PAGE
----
Working with rodents, scientists have been able to selectively and safely remove both new and old memories by using a protein critical to brain cell communication. “While memories are great teachers and obviously crucial for survival and adaptation, selectively removing incapacitating memories, such as traumatic war memories or an unwanted fear, could help many people live better lives,” says Dr. Joe Z. Tsien (pictured), co-director of the Brain & Behavior Discovery Institute at the Medical College of Georgia School of Medicine.
Reporting in the journal Neuron, Dr. Tsien explained how his investigations centered on an abundant protein found only in the brain called αCaMKII, which functions as a major signaling molecule for NMDA receptors (NMDA (N-methyl D-aspartate) receptors receive messages from other neurons). He found that when he over-expressed αCaMKII while a memory was being recalled, that single memory was eliminated.
Dr. Tsien says that NMDA receptors are like front doors to cells, providing an opening for signaling molecules such as calcium. Synapses are the point of communication between two cells, and NMDA receptors are on the receiving end of the message. Like people, neurons change with the signals they receive. “Learning changes the way cells connect to each other,” says Dr. Tsien.
Memory has four distinct stages: learning, consolidation, storage and recall. It has been difficult to dissect the molecular mechanisms of these stages because researchers lacked techniques to manipulate proteins quickly. For example, when researchers disable a gene suspected to play a role in the memory process, the deletion typically occurred throughout the entire period so it was impossible to tell which parts of processes were impaired. Previous technology would take several days to switch off a protein, which is the product of a gene.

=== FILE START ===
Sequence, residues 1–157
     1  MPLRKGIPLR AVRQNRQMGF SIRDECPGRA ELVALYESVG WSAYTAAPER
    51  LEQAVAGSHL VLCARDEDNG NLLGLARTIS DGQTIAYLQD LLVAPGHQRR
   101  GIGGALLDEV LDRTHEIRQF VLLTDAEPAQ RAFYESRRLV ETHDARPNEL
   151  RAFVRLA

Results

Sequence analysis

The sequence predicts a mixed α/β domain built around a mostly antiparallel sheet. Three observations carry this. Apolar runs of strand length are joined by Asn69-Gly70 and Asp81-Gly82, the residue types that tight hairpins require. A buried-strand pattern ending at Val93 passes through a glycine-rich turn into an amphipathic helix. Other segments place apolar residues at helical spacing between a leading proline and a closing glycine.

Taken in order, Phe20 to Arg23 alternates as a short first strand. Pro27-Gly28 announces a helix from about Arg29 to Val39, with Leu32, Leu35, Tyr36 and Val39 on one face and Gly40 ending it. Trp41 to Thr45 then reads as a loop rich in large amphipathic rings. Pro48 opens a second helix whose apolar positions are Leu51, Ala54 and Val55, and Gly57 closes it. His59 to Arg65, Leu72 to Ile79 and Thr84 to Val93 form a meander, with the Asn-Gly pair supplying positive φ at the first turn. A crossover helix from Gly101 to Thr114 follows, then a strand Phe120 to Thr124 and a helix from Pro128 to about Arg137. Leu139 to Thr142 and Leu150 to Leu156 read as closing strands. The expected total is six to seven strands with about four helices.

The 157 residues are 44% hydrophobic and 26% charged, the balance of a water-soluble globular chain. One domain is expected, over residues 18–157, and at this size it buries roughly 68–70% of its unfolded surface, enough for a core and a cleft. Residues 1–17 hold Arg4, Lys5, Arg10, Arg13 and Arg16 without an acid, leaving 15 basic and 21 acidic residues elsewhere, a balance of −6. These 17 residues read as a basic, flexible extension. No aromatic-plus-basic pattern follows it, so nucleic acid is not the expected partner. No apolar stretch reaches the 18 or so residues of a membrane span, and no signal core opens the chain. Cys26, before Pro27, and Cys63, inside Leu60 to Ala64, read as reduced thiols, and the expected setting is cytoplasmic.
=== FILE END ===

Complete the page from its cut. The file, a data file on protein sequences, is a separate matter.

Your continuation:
Dr. Tsien’s team developed a powerful chemical-genetic method that allows him to use a pharmacologic inhibitor to instantly turn αCaMKII off and on in a mouse that he genetically engineered to over express this signaling molecule. That enabled him to study exactly what happened if he threw off the natural balance during the retrieval stage.
Much as a war veteran remembers a fateful patrol when he was fired upon, mice can establish a very long-lasting emotional memory about a place if, for example, they receive a mild shock to the paws while there. The researchers showed if they over-expressed αCaMKII, this powerful memory was rapidly erased as the animals tried to retrieve them while other memories remained intact.
A similar approach was taken with object recognition memory, giving mice a couple of toys to play with then erasing their memory of one of them. “You will feel like every time, it’s a new toy,” says Dr. Tsien.
While the ability to rapidly erase a selective memory is exciting, Dr. Tsien cautions that much more work needs to be done before the process could be applied to humans.